A heart-wrenching incident has brought to light the profound struggles faced by an Indian-Australian woman who worked as an IT professional in Sydney.
The woman who was in her forties arrived in the Indian city of Bengaluru on August 20 to coach her father in navigating a complex custody battle with the New South Wales, Department of Communities and Justice for her two children, who hold Australian citizenship.
Tragically, she allegedly committed suicide by jumping into the Malaprabha river near Saundatti in Belagavi district of India’s Karnataka state shortly after learning that an online hearing for the custody battle in Sydney had been postponed to November, reported local media.
She was employed as an IT consultant in Sydney and had not reached her home in Dharwad as scheduled after arriving in Bengaluru.
Instead, according to local media reports, she sent a letter to her parents in Dharwad, expressing her decision to end her life allegedly due to the distress she felt over custody issues related to her son and daughter with New South Wales Department of Communities and Justice.
The letter reportedly reads, “Our lives are threatened. I am compelled to end my life for the survival of my children and husband *(name removed). I am accepting my death for the good of my family.”
“DCJ messed up our family from 2021 along with residents of… Sydney,”
A spokesperson for the Department of Communities and Justice told The Australia Today,
“The Department of Communities and Justice (DCJ) is committed to ensuring the safety and well-being of children.”
“DCJ is unable to comment on individual child protection matters for privacy reasons.”
In her last letter, allegedly the woman attributed her decision to her family’s well-being and the challenges she faced in her custody battle.
She accused the department and a section of her neighbours of complicating her life. Her father, who reported her tragic passing to the Indian police, expressed that he did not suspect foul play in her death.
According to her father, the custody battle allegedly stemmed from his grandson’s medical condition, a chronic inflammatory bowel disease classified as an immune disorder.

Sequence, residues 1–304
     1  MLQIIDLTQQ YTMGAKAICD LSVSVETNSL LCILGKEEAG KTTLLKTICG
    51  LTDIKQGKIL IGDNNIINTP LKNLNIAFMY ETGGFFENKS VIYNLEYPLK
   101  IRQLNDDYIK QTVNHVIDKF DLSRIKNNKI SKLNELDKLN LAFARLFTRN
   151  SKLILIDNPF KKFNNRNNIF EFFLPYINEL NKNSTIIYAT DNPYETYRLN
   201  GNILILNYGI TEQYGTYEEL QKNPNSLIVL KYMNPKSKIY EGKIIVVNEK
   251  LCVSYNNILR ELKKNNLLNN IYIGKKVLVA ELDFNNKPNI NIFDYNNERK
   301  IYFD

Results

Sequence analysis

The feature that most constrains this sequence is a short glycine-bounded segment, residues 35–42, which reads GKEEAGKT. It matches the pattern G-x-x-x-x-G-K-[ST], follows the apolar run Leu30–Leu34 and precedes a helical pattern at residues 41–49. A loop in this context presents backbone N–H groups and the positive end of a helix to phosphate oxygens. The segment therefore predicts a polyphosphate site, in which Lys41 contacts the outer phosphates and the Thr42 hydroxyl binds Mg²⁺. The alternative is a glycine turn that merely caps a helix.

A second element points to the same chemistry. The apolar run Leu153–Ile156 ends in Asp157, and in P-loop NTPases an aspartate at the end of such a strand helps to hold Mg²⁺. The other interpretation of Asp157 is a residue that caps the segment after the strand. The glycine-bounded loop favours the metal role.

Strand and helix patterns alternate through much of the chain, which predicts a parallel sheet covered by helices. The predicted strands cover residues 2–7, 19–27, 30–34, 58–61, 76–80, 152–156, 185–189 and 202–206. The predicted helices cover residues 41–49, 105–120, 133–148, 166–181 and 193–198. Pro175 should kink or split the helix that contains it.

He said, his daughter was pursuing legal action against doctors for inadequate treatment of her son in a NSW hospital after his condition allegedly worsened due to alleged side effects of the treatment. She filed a complaint against the hospital, however, the doctors allegedly retaliated by filing a complaint with child welfare authorities, accusing her of providing improper care at home, reported local media.
Consequently, allegedly “both her children were taken into the care of the Department of Communities and Justice three years ago.”
The deceased woman’s father elaborated that her distress was compounded by her continuous struggle regarding these issues through legal channels. She had aspirations of moving her children to India and enrolling them in an international school, believing the systems in India would be more suitable for their care.
According to local media reports, upon her arrival in India, she reportedly learned that the an August 22 custody hearing had been postponed to November.
This news allegedly devastated her, as she believed the delays were intentional to avoid granting custody. Her father emphasised that not letting her care for her children was a violation of human rights, and he held the custody battle responsible for her tragic decision.
“A lookout notice was issued against her and her children to prevent them from flying out of Australia,” he said.
The husband of the deceased woman travelled alone to India to conduct her last rites, as the children were unable to accompany him due to document-related issues. He added that the teenagers were sent to the school of the choice of the Australian authorities and the parents had little say since 2021.
The family’s saga underscores the deeply emotional and complex challenges faced by Indian-origin parents entangled in custody battles across international borders.
If you or someone you know needs help, call:
- Lifeline on 13 11 14
- Kids Helpline on 1800 551 800
- MensLine Australia on 1300 789 978
- Suicide Call Back Service on 1300 659 467
Note: The Australia Today has contacted NSW Minister for Multicultural Affairs and NSW Minister for Communities and Justice. We will update the story as we receive responses.
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